FINRA recently announced that it was backing off — for now — on its initiative to control U.S. registered investment advisors, WealthManagement.com reports. Richard Ketchum, the agency’s chairman said: “I’m not a big believer in beating a head against the wall,” and said that FINRA would “focus on things we can impact.”
This change in strategy was due to the U.S. Congress not planning on changing regulations regarding investment advisers. Right now, the Securities and Exchange Commission regulates the advisers, but because of budgetary constraints, they only get the chance to look at the advisers approximately once every 11 years.
However, FINRA did not permanently drop seeking the ability to take over reviewing registered investment advisers. It called it a “critical investor protection,” but said that there was “clearly a lack of consensus about how best to address that problem.”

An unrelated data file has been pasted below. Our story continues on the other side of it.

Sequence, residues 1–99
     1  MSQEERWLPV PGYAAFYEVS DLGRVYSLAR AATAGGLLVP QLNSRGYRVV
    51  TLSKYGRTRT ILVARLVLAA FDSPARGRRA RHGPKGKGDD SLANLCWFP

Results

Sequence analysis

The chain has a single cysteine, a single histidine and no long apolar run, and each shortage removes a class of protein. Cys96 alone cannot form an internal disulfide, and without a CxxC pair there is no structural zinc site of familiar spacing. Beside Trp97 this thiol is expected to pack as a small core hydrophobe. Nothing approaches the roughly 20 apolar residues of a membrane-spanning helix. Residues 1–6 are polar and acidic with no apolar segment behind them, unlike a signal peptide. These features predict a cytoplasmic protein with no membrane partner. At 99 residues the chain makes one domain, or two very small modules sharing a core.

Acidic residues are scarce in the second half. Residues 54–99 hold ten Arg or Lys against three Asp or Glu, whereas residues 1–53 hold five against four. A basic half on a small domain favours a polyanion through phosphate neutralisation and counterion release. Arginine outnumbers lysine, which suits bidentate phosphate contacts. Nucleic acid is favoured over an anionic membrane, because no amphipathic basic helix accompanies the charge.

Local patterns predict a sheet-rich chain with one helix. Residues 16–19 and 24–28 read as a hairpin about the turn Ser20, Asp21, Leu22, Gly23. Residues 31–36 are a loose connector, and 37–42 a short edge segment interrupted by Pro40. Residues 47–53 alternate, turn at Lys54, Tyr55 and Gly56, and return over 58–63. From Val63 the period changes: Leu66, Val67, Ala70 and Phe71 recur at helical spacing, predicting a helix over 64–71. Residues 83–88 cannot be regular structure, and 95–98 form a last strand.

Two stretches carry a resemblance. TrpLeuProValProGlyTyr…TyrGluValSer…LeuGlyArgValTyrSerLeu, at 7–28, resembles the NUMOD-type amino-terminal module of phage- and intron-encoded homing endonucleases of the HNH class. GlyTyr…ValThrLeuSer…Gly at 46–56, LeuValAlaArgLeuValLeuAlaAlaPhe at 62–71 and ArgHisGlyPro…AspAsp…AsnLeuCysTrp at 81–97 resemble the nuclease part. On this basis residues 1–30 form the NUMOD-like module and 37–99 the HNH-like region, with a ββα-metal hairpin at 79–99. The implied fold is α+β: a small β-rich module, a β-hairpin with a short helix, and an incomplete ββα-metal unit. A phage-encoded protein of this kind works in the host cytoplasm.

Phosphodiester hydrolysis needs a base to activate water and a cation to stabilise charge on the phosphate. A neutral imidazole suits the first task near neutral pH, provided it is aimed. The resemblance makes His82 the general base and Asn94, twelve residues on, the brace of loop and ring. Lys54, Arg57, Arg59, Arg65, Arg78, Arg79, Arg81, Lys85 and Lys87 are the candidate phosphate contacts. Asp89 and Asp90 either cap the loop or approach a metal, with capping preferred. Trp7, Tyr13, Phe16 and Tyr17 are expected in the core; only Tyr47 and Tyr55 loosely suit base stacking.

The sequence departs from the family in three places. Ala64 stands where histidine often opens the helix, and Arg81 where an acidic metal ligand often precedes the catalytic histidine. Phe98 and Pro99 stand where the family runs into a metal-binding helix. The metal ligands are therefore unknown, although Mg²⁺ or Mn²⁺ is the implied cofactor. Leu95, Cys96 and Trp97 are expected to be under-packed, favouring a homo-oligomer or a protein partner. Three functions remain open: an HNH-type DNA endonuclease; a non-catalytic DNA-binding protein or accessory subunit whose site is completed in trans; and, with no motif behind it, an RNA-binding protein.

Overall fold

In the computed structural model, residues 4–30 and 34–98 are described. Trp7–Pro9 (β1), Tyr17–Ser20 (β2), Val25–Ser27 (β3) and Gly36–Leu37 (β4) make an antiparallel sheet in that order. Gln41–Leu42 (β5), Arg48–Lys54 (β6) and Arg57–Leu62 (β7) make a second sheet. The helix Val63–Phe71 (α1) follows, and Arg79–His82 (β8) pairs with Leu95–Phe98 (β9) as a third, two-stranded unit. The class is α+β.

Congress has shown no interest in changing who reviews registered investment advisers. The agency said that “other issues are closer to the top of Congress’ agenda, so this one will likely not be resolved in the near term,” but it hoped that the legislative body would review the issue in the future.
Written by Lisa Swan